If you’ve ever spent an evening being entertained by any of Montreal’s improv gods, you’ve likely asked yourself, “How do they do it?” Rejoice then, mortals, for the gates of Olympus are opening to all those eager to learn the tricks of the comedy trade.
Overlooking Saint-Laurent, the Montreal Improv Theatre is poised to become the city’s new epicenter of all things improv. Last weekend, the grand opening brought together local troupes On The Spot, The Bitter End and Uncalled For for a series of celebratory performances. “We wanted our friends to come,” Kirsten Rasmussen explains of the three-day festivities. “It will be a home for them. Uncalled For does have their monthly show at Mainline but if they want to do anything else, they know there’s a place for them.”
It’s that spirit of community at the heart of the excitement. “I’ve wanted to start my own space for a long time just because I think there’s room for it in the city,” Marc Rowland explains with justifiable pride. He and Rasmussen represent “two quarters” of the brains behind MIT, with Bryan Walsh and François Vincent accounting for the other four eighths. As professors at this Hogwarts of hilarity, each brings considerable experience to the table. Rasmussen was a member of Edmonton’s Rapid Fire Theatre before a visit to the 2008 Montreal Improv Games inspired her to make a move. “I just kinda fell in love with the city,” she recalls. After getting to know the local talent, she had to “come back and try to work with them.” The rest, as they say, is history.
Rowland, of Without Annette and Dance Animal, has spent so much time teaching he might as well grow a long white beard. Having instructed students in the art of Kung Fu, he sees some parallels between the disciplines. “I find there’s a great similarity in that you’re not teaching anyone what to do in any situation. You’re like ‘there are many options and these are the parameters in which I think you should operate.’ You need to be fluid, you can’t be rigid.”
You also need to be willing to make mistakes. “It’s not that I get so much better and I never mess up as an improviser,” laughs Rasmussen, “it’s that I get more charming about it. I’m just like ‘Haha… I swore a bunch!’”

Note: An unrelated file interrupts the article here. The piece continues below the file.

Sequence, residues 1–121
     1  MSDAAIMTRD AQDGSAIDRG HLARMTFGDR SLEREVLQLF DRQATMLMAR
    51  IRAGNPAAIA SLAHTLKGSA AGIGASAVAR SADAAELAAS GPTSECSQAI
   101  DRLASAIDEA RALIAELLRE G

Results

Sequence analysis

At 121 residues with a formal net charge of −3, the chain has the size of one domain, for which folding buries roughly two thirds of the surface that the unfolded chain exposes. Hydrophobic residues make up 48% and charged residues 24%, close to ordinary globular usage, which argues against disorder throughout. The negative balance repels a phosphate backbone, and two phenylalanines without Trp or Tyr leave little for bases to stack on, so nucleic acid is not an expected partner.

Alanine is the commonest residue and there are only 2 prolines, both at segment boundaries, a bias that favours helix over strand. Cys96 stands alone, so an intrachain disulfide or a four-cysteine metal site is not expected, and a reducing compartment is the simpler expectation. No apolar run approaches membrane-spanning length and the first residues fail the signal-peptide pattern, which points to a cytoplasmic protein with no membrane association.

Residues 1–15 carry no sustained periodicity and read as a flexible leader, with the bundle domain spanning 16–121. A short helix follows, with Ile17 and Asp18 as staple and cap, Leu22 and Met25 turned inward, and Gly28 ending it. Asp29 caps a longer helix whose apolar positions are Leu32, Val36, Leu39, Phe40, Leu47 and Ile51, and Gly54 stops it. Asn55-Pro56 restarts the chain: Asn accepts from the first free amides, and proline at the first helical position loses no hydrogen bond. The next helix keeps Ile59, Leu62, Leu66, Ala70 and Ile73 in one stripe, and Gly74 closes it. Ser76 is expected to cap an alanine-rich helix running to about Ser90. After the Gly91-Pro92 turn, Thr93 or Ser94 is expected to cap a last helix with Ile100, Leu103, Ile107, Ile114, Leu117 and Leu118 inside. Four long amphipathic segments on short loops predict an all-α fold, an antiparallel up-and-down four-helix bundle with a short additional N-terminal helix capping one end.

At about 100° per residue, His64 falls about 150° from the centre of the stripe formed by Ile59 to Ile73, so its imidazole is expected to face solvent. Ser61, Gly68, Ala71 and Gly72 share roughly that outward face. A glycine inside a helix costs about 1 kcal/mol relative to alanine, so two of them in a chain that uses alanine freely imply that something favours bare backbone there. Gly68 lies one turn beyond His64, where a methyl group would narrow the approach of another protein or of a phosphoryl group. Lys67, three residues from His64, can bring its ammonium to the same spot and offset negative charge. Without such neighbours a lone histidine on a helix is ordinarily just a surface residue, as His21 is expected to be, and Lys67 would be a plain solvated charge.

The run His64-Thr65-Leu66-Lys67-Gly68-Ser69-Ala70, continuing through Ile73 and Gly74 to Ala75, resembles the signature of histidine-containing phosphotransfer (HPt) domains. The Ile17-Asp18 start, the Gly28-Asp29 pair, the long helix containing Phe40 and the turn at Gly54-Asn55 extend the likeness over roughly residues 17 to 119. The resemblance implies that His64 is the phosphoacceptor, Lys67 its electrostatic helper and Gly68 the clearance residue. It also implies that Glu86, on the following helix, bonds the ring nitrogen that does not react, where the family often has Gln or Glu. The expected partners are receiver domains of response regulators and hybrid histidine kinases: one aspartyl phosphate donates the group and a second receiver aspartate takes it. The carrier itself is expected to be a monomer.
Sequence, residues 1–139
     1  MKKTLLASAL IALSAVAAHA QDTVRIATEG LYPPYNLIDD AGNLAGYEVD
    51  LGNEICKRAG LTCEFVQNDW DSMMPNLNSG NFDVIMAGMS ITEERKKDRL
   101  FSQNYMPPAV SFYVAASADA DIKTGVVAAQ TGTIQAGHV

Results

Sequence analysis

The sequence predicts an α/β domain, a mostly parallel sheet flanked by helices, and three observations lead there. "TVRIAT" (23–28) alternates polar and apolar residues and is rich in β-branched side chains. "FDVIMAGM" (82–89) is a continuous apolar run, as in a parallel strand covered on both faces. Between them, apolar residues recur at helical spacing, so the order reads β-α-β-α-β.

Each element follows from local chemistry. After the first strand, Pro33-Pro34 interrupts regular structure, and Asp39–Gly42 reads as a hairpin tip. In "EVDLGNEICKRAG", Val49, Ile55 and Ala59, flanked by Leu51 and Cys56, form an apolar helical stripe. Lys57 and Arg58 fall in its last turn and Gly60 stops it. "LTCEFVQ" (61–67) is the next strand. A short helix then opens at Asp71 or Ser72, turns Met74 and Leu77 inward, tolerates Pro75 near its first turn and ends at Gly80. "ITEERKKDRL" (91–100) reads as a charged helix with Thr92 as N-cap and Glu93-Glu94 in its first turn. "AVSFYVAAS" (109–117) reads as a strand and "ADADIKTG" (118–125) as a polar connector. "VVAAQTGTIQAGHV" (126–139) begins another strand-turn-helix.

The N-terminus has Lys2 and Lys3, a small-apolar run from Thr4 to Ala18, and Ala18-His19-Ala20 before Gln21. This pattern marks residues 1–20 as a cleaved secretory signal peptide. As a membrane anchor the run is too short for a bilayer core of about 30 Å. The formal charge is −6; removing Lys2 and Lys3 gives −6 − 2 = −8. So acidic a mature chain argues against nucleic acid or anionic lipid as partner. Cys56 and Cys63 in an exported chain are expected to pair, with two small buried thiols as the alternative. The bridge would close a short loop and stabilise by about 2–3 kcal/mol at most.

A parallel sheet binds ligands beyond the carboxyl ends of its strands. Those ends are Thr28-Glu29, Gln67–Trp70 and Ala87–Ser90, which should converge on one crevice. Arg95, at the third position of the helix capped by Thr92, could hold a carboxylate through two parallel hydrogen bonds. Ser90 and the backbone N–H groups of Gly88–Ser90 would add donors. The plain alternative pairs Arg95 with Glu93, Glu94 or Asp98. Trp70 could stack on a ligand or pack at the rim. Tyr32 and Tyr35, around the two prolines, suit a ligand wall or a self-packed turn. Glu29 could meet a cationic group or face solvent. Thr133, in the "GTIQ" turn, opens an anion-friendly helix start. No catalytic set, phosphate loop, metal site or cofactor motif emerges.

“Sometimes mistakes can make the best offers,” adds Rowland, recalling a recent Bitter End performance. “This Ranger comes in and just starts talking to us, and then walks out… but we were in a bedroom. It made me realize ‘Oh, my character is likely having an affair with that Ranger and he just wandered into the bedroom!’ That gave all of us a great offer for where the story can go. It’ll take you to places your mind didn’t think of because it’s a flub.”
Classes, which have already begun, are divided into three levels, with semesters each lasting six weeks. “People come here to get more social,” Rasmussen says, of her students. “Improv is one of those arts that traverses over the line of drama-therapy almost because people come to get more confident. It does make you think on your feet.”
To test that theory, Rowland was challenged to offer up three words best describing the school: “Fun. It’s going to be fun. You can’t deny! Excitement. Because things are created in the moment. And Community is the last thing; to join in this group of people who are working together. FEC!”
Those preferring to simply observe the chaos from the comfort of their seats are encouraged to attend the weekly Smackdown. As Rasmussen puts it, “it’s every Friday and it features a bunch of other improvisers. It’s going to be one of our staples. It’s our potato.”
You don’t get more FEC-ing funny than that. To sample said potato, head over to 3713 Saint-Laurent. For information regarding classes, visit the Montreal Improv site.